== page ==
311 Slices
Medium 9781475823950

Notes From the Editor

Journal of School Public Relations Rowman & Littlefield Publishers ePub

THEODORE J. KOWALSKI

Public schools have a dual mission: to benefit society and to benefit individual students. During the last half of the previous century, however, the social assignment waned, in large part because the percentage of stakeholders severing ties with schools incrementally increased. Today, many citizens consider students to be the sole beneficiaries, and in light of lingering dissatisfaction with low-performing schools, they are reluctant to support these institutions politically and economically. Recognizing this disposition and its debilitating effects, astute administrators focus on revitalizing the role of public schools as an indispensable community resource.

The Journal of School Public Relations is rooted in the conviction that highly effective institutions engage in democratic discourse and distributive leadership. Thus, the publication provides research articles, depictions of best practices, and book reviews on a range of topics related to external and internal institutional public relations.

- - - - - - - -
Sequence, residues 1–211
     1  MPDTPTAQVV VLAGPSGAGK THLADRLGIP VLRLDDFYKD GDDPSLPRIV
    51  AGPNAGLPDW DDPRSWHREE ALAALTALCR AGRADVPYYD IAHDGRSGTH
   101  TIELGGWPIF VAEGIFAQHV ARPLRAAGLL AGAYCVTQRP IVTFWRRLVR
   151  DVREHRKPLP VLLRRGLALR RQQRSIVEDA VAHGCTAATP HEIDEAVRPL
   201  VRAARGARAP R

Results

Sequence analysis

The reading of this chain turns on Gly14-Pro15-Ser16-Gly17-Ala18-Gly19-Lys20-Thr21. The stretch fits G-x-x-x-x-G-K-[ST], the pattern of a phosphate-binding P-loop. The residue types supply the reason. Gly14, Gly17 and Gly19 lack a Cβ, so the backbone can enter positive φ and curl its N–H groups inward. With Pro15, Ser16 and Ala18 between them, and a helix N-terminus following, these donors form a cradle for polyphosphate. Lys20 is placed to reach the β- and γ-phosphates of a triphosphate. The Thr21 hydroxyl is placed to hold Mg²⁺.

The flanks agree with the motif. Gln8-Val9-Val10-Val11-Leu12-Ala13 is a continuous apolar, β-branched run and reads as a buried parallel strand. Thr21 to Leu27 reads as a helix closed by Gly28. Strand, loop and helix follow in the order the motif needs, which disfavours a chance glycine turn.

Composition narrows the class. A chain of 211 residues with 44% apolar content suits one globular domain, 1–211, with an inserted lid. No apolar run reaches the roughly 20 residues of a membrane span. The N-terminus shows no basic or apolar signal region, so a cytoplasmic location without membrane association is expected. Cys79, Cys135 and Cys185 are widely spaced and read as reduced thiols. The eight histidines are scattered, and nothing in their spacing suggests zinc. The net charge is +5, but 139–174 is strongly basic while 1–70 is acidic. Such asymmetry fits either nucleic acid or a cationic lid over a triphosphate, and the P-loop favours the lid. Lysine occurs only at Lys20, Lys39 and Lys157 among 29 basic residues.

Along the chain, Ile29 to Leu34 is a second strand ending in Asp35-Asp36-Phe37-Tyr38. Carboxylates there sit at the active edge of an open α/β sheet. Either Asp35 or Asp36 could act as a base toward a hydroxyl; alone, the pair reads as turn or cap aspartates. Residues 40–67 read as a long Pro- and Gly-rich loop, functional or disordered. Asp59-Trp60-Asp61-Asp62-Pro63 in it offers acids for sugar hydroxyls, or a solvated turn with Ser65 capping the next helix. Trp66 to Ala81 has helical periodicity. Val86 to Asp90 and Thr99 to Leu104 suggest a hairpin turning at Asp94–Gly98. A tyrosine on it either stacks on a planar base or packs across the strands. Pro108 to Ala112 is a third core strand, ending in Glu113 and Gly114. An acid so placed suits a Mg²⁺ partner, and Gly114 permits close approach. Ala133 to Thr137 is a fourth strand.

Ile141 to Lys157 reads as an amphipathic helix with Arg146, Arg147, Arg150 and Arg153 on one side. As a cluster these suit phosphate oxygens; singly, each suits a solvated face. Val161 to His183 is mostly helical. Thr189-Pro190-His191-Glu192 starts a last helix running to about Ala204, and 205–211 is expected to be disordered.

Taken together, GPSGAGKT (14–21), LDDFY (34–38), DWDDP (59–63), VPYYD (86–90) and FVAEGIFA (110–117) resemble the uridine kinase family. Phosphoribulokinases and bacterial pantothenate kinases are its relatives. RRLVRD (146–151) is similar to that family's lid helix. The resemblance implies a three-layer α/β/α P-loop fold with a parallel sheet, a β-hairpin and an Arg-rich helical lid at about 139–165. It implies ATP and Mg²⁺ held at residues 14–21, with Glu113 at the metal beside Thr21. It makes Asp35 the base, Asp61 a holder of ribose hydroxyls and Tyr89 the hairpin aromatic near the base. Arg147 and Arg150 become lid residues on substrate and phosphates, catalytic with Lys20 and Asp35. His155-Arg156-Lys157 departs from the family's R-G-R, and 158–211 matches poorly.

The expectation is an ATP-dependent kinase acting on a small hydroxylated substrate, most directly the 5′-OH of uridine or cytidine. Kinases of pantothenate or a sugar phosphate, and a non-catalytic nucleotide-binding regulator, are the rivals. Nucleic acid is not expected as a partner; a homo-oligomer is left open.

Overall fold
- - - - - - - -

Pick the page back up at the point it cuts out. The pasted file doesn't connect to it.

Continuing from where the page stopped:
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Medium 9781475824162

Redefining Tradition in Education: Invoking an Ethic of Community

Journal of School Public Relations Rowman & Littlefield Publishers ePub

LISA BASS

We have the chance to reimagine our schools as places where communities come together.

—Steny Hoyer

ABSTRACT : In this article I discuss the demographic shifts that have occurred in the United States, which have disrupted the traditional school environment. I contend that the changes have been so drastic that students who were once called traditional are now seldom seen in the school environment; whereas students once viewed nontraditional are becoming the norm. The implication is that school reform efforts should reflect the new traditional students seen in schools. The community school model is suggested as a comprehensive school reform measure. I conclude by discussing the importance of having school leaders who are equipped to lead community schools if they are to be effective at increasing student achievement.